We are a broken people, and it is affecting us more than we know. This that I'm holding in my hand is just three pages of what's called the World Happiness Report. It's a thing. It's a real thing. And these experts go, and they interview people around the world to gauge how happy we are as a general population and how happy we are in each individual country. And out of the hundred and fifty six countries surveyed. Where do you think we stand in the United States, wealthiest nation? Where do you think we stand? Number one? No. Top ten? No. You looked this up ahead of time.

We are 19th. This year, 19th. That may not sound so bad, but, folks, Germany is ahead of us. And if you don't find the amusement in that, I have a case study for you and, in Jackson, when I was a pastor there, we had an exchange student that would attend our youth group from Germany. And we were carrying on and having a good time and after a good hardy series of laughter, this German exchange student, Martha, kind of gave a sigh and said, "we don't have fun in Germany." And they rank ahead of us on the happiness index.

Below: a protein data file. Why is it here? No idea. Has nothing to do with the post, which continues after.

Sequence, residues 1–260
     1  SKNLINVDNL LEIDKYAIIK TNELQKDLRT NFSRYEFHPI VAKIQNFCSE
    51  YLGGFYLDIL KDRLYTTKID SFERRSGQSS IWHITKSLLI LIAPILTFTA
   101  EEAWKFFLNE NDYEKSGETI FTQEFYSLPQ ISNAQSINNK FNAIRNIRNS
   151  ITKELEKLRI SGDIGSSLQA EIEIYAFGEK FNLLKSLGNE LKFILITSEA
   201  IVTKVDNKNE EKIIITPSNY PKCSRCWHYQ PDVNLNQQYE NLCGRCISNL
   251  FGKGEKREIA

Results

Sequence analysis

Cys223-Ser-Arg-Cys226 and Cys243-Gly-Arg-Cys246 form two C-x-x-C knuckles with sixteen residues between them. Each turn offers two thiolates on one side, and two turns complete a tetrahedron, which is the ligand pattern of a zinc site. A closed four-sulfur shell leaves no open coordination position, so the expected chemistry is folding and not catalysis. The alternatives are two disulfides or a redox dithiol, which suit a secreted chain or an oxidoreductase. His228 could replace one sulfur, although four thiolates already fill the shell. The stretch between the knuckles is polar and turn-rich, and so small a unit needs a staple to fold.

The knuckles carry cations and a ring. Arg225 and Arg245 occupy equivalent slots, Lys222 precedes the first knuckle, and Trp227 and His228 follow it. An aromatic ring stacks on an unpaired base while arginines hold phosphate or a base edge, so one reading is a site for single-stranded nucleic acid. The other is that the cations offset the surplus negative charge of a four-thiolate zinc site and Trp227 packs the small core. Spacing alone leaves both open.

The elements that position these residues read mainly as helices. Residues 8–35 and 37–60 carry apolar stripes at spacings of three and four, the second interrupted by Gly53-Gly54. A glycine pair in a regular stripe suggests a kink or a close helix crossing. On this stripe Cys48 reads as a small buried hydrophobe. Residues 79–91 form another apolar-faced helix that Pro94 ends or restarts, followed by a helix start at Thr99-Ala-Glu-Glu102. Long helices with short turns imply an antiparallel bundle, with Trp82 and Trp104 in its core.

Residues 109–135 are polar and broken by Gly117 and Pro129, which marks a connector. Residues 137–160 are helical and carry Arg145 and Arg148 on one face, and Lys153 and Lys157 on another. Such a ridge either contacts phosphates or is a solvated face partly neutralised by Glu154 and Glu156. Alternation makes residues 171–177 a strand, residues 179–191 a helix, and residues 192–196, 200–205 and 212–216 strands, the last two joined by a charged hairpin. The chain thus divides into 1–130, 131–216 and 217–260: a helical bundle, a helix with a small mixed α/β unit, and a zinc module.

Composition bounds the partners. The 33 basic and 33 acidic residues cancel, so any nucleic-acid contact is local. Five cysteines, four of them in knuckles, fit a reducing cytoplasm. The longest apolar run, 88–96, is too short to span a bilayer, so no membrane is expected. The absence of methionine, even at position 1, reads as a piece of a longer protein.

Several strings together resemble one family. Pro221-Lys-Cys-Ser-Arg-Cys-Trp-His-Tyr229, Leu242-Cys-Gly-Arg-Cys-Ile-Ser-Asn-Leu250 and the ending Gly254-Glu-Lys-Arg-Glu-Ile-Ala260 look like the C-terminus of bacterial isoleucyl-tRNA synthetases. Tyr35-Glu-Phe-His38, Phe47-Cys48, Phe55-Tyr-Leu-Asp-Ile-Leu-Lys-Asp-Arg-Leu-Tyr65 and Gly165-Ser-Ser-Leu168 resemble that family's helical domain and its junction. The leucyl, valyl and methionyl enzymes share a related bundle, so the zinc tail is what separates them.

Instead of happiness, there's a lot of anger out there, a lot of anger that I would say is deflected. I think it's anger at ourselves, deflected towards others. Because we refuse to give in to the fact that we do not have it altogether, that we are in need of more than we can provide ourselves.

Jesus gathered the disciples for that last supper, and they began to eat. Jesus said, "Truly, I tell you, one of you will betray me, one who is eating with me." So if you think brokenness is a new American fad, it is not. It has been around with us for a long, long time. And then Jesus takes bread, and after blessing it, he broke it, gave it to them and said, "Take and eat. This is my body." But in the gospel of Mark, the Greek is such--and the writer of Mark gets a lot of heck for this--it's such that Mark tends to leave out the simple things, and it's just assumed and we, in the English, like to cover for it. But it says, "While they were eating, he took a loaf of bread and after blessing it, he broke, gave it to them and said, "'Take, this is my body.'" Jesus broke for you and for me.